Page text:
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March 24, 2009

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He8ther

Another fantastic post! Superb imagery. I am definitely in the forest with you on this one and not in the boardroom! Truth be told, I am actually in a medieval church, mosque or catacomb in a hot country. The chill of Chanel 19, to me, conjures up the quiet stillness of such places, and not the chilly mood of an ice-queen.

I find your comparison to the work of JC Ellena very intriguing. This isn't something I had thought of before, but now that you mention it, well perhaps there is a link. Henri Robert went on to create Cristalle after 19, and apparently he worked on this with Edmond Roudnitska. In his original Guide, Luca Turin describes Cristalle as like Diorella transposed an octave. In Chandler Burr's book 'The Perfect Scent' Ellena talks about how much he has been influenced by Roudnitska. Perhaps we might imagine that the latter's mature style was influenced by his collaboration with Robert? And so we have Cristalle as the missing link between No 19 and Ellena's work? A bit tenuous perhaps, but can we imagine Au Thé Vert as No 19 transposed an octave?

Trisha Goodwin

I have tried other perfumes, but always come back to Chanel no 19, it is me like nothing else is. Strange then to hear it described as cold and unfriendly, as I am thought of as very friendly, open and above all, kind, which I think I am. To me, other aspects hold sway - that deep, mossy, vegetal smell, yes, of damp forest floor, which I adore outside anyway, and often use in my artwork. To me it says earthy, sensuous and real, almost primeval femininity. Certainly there is nothing artifical, plastic, flowery or pink here, this is more real, deep and bewitching.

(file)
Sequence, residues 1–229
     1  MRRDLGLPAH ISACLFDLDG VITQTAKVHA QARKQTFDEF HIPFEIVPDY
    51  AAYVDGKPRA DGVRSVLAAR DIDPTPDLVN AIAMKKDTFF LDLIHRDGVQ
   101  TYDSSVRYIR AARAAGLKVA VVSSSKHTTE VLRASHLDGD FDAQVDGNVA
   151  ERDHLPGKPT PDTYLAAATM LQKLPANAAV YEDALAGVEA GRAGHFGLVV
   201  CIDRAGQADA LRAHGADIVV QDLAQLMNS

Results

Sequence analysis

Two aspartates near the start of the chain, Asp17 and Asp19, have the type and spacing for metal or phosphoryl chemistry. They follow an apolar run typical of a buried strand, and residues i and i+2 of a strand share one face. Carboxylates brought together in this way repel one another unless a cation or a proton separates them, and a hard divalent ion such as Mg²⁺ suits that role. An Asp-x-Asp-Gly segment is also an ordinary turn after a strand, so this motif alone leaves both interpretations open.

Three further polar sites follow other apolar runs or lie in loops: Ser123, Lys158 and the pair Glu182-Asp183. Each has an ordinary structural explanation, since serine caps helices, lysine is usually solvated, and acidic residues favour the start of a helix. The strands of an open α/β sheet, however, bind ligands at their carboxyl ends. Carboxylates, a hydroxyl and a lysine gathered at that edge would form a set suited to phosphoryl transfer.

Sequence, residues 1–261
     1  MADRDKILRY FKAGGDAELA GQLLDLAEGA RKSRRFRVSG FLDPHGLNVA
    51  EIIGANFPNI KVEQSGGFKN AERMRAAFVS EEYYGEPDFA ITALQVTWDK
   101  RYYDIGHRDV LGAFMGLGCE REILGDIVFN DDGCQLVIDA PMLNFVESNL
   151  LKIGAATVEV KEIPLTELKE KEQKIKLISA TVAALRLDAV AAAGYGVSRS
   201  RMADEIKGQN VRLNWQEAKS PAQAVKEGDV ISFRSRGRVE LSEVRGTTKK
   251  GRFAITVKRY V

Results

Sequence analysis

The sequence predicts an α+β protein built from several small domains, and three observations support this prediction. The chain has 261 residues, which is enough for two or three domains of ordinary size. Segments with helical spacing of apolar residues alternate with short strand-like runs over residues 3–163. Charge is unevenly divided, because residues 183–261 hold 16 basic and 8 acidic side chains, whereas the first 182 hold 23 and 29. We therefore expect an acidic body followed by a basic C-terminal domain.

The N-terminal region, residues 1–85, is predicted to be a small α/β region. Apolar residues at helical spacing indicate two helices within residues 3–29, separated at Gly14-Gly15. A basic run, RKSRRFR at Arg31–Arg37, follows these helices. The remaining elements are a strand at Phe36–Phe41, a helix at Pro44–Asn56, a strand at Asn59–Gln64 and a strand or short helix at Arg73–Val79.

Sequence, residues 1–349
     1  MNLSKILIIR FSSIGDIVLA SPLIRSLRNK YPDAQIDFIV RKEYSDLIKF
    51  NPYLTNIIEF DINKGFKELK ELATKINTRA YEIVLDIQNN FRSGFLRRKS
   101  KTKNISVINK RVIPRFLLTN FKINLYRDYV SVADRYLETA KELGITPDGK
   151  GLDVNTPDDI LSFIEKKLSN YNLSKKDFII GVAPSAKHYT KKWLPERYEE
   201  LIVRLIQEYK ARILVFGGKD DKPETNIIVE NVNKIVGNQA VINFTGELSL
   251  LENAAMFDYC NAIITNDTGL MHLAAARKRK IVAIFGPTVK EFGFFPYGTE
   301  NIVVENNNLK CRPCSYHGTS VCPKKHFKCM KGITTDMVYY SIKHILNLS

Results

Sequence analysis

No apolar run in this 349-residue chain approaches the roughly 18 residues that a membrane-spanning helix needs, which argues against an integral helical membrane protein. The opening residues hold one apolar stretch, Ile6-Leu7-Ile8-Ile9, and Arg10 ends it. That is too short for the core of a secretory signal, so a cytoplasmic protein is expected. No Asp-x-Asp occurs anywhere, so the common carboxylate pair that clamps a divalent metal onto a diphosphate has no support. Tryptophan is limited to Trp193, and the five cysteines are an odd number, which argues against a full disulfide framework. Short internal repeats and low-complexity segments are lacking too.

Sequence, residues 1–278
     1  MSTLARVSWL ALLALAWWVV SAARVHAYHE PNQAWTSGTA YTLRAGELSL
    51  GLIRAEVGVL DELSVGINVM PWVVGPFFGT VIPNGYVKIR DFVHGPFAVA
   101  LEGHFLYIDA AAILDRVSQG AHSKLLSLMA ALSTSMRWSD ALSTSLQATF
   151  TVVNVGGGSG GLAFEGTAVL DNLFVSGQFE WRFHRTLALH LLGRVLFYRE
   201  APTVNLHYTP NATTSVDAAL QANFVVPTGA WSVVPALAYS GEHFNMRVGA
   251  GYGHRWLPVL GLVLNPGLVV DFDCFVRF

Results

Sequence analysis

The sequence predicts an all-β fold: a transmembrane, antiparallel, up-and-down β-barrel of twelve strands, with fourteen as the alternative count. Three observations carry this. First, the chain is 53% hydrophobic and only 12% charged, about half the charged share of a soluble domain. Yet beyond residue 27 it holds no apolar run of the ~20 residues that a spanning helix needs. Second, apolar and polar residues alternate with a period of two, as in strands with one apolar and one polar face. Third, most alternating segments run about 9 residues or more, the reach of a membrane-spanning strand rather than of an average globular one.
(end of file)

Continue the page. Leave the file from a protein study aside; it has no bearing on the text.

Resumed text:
mals86

I do, do love No. 19 - prefer vintage edt. It's one of my invisible armor scents: cool, aloof, powerful yet feminine.

What an interesting idea re: JC Ellena! I really did *not* care for Au The' Vert, however. I found it dull, while No. 19 is invigorating.

Perfumaniac

Mals86, I love the idea of Chanel No. 19 as your invisible armor. Perfume is traditionally marketed to invite attention from the opposite sex; I wonder what the folks at Chanel would think if they knew many women wear No. 19 to project, in your case, power and aloofness, and for me, my inner witch!

K.

"its earthy, rooty notes suggest to me a witch in an enchanted forest rather than a bitch in a boardroom."
"

Yes! For me, it's elves... Elf queen(extrait or edp) or princess(edt) to be precise. 19 is the closest to a signature I've ever had. I find it soothing and magical... no "wire mother" (as per T. Sanchez _Perfumes, The Guide_ 2008) to my nose at all.

I just wish it was easier to find now. (I have to ask my French in-laws & friends to bring/send it lately...or be priced-gouged on EekBay)